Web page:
What does %s mean in Python? And what does the following bit of code do?

For instance…

 if len(sys.argv) < 2:
     sys.exit('Usage: %s database-name' % sys.argv[0])

 if not os.path.exists(sys.argv[1]):
     sys.exit('ERROR: Database %s was not found!' % sys.argv[1])

It is a string formatting syntax (which it borrows from C).

Please see “PyFormat”:

Python supports formatting values into
strings. Although this can include
very complicated expressions, the most
basic usage is to insert values into a
string with the %s placeholder.

Here is a really simple example:

#Python 2
name = raw_input("who are you? ")
print "hello %s" % (name,)

#Python 3+
name = input("who are you? ")
print("hello %s" % (name,))

The %s token allows me to insert (and potentially format) a string. Notice that the %s token is replaced by whatever I pass to the string after the % symbol. Notice also that I am using a tuple here as well (when you only have one string using a tuple is optional) to illustrate that multiple strings can be inserted and formatted in one statement.

Andrew’s answer is good.

And just to help you out a bit more, here’s how you use multiple formatting in one string:

"Hello %s, my name is %s" % ('john', 'mike') # Hello john, my name is mike".

If you are using ints instead of string, use %d instead of %s.

"My name is %s and I'm %d" % ('john', 12) #My name is john and I'm 12

The format method was introduced in Python 2.6. It is more capable and not much more difficult to use:

>>> "Hello {}, my name is {}".format('john', 'mike')
'Hello john, my name is mike'.

>>> "{1}, {0}".format('world', 'Hello')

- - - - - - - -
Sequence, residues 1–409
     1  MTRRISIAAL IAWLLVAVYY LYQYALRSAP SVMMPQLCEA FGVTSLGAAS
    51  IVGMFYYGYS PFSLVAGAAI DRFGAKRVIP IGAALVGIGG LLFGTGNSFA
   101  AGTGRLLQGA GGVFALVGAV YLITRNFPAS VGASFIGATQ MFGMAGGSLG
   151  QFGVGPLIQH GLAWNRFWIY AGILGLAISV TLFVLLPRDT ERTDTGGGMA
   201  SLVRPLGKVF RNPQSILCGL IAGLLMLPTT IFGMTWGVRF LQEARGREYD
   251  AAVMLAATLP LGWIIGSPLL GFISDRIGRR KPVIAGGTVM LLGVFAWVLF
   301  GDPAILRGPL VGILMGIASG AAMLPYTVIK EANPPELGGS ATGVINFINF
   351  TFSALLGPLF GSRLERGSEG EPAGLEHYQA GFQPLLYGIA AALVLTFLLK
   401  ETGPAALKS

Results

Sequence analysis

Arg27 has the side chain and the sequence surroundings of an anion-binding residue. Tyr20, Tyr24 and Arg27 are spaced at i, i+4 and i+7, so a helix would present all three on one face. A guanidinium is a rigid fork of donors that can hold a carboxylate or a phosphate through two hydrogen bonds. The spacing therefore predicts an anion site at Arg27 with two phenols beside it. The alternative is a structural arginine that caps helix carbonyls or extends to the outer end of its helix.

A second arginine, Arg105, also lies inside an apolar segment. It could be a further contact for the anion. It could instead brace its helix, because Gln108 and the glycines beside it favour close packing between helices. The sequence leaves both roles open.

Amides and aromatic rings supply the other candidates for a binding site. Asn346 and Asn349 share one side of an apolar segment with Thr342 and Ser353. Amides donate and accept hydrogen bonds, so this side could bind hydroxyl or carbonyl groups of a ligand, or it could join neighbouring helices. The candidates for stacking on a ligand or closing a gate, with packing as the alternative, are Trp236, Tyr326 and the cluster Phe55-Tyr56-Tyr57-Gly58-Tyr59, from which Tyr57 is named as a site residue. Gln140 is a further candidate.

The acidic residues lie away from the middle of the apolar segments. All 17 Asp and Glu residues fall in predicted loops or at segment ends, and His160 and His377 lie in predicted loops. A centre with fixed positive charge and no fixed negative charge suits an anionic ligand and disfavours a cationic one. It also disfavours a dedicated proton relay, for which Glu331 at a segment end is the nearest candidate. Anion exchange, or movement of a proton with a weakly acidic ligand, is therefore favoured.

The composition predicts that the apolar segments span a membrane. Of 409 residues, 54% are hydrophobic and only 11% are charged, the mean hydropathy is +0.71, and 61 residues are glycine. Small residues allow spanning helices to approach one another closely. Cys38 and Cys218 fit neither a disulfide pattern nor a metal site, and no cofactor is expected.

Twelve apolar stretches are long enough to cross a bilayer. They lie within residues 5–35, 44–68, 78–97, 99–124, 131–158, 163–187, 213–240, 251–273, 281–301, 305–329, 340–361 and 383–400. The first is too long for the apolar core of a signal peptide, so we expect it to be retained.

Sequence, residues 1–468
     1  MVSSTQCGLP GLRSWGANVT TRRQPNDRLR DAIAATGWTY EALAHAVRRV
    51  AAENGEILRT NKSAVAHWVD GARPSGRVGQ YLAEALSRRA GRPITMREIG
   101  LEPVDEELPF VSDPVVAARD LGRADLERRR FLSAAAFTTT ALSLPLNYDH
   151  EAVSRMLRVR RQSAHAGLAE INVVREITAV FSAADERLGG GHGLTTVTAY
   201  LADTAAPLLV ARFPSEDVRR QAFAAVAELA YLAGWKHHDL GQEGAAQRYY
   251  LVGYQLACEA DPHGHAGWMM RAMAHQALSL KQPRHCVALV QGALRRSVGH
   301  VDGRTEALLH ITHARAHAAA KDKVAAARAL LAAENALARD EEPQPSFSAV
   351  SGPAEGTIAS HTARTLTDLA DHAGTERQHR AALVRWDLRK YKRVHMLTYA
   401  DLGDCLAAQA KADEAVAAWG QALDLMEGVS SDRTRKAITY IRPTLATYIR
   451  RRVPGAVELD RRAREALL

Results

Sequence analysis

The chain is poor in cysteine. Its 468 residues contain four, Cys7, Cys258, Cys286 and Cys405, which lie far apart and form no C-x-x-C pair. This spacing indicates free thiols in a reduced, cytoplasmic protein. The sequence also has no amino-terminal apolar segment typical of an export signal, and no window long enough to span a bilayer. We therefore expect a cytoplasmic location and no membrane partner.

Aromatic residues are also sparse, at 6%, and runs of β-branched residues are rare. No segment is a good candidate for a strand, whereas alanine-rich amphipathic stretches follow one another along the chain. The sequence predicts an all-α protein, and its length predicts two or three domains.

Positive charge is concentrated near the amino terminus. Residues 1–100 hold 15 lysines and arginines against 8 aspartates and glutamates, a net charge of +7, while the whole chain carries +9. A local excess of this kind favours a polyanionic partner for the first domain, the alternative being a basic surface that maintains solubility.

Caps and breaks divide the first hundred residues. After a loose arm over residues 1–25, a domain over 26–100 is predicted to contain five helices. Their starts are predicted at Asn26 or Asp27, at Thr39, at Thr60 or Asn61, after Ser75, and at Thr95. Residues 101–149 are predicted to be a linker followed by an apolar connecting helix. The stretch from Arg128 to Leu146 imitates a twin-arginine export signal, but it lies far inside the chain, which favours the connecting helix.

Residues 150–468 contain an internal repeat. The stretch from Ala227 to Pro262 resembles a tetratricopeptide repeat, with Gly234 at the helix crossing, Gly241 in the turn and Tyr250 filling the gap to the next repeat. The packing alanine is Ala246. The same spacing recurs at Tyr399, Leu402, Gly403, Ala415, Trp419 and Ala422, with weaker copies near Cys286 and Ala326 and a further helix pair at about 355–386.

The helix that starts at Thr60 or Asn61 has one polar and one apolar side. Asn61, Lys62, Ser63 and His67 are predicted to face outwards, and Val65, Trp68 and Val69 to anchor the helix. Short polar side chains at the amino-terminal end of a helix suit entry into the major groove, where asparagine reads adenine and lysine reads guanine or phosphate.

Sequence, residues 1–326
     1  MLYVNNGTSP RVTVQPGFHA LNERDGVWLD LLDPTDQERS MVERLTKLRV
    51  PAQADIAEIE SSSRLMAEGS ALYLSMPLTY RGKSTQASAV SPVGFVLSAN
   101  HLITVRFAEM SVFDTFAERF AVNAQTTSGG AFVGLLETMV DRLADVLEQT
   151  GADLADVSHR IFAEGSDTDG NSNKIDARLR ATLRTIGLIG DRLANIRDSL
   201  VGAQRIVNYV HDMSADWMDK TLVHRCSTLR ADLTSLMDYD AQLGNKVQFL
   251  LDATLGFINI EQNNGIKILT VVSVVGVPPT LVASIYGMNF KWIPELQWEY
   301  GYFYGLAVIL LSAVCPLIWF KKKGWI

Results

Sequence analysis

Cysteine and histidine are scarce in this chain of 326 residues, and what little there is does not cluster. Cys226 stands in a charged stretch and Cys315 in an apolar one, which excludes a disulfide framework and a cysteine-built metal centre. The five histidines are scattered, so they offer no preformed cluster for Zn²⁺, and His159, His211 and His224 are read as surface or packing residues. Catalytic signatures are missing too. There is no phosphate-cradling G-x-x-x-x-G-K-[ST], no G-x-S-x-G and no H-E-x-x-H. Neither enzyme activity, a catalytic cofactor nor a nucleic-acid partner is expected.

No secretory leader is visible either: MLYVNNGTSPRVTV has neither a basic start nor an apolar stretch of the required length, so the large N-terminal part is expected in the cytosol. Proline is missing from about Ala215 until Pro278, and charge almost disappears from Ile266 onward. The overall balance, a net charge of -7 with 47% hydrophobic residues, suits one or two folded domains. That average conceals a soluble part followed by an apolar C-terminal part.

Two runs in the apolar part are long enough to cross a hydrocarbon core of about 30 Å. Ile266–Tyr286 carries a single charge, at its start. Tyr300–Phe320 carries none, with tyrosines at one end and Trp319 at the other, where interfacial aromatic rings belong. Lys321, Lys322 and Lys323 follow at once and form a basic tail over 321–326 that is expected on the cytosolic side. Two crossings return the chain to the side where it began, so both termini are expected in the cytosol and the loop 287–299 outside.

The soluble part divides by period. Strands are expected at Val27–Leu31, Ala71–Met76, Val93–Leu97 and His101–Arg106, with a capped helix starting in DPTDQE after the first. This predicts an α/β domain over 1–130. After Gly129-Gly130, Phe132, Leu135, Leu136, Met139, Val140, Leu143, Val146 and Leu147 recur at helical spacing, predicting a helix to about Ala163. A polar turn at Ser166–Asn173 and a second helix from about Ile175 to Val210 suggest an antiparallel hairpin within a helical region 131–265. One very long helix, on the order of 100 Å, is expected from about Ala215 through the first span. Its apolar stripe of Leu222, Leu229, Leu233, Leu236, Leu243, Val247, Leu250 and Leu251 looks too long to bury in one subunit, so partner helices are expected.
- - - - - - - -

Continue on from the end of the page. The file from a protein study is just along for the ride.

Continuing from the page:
'Hello, world'

>>> "{greeting}, {}".format('world', greeting='Hello')
'Hello, world'

>>> '%s' % name
"{'s1': 'hello', 's2': 'sibal'}"
>>> '%s' %name['s1']

%sand %d are format specifiers or placeholders for formatting strings, decimals, floats, etc.

The most common used format specifiers:

%s: string

%d: decimals

%f: float

Self explanatory code:

name = "Gandalf"
extendedName = "the Grey"
age = 84
IQ = 149.9
print('type(name): ', type(name)) # type(name): <class 'str'>
print('type(age): ', type(age))   # type(age): <class 'int'>
print('type(IQ): ', type(IQ))     # type(IQ): <class 'float'>

print('%s %s\'s age is %d with incredible IQ of %f ' %(name, extendedName, age, IQ)) # Gandalf the Grey's age is 84 with incredible IQ of 149.900000

# The same output can be printed in following ways:

print ('{0} {1}\'s age is {2} with incredible IQ of {3} '.format(name, extendedName, age, IQ))          # With the help of an older method
print ('{} {}\'s age is {} with incredible IQ of {} '.format(name, extendedName, age, IQ))          # With the help of an older method

print("Multiplication of %d and %f is %f" %(age, IQ, age*IQ)) # Multiplication of 84 and 149.900000 is 12591.600000

# Storing formattings in a string

sub1 = "python string!"
sub2 = "an arg"

a = "I am a %s" % sub1
b = "I am a {0}".format(sub1)

c = "with %(kwarg)s!" % {'kwarg':sub2}
d = "with {kwarg}!".format(kwarg=sub2)

print(a)  # "I am a python string!"
print(b)  # "I am a python string!"
print(c)  # "with an arg!"
print(d)  # "with an arg!"

%s indicates a conversion type of string when using Python’s string formatting capabilities. More specifically, %s converts a specified value to a string using the str() function. Compare this with the %r conversion type that uses the repr() function for value conversion.

Take a look at the documentation for string formatting.

To answer your second question: What does this code do?…

This is fairly standard error-checking code for a Python script that accepts command-line arguments.

So the first if statement translates to: if you haven’t passed me an argument, I’m going to tell you how you should pass me an argument in the future, e.g. you’ll see this on-screen:

Usage: myscript.py database-name

The next if statement checks to see if the ‘database-name’ you passed to the script actually exists on the filesystem. If not, you’ll get a message like this:

ERROR: Database database-name was not found!

From the documentation:

argv[0] is the script name (it is
operating system dependent whether
this is a full pathname or not). If
the command was executed using the -c
command line option to the
interpreter, argv[0] is set to the
string ‘-c’. If no script name was
passed to the Python interpreter,
argv[0] is the empty string.

Here is a good example in Python 3.

>>> a = input("What is your name? ")
What is your name? Peter

>>> b = input("Where are you from? ")
Where are you from? DE

>>> print("So you are %s of %s." % (a, b))
So you are Peter of DE.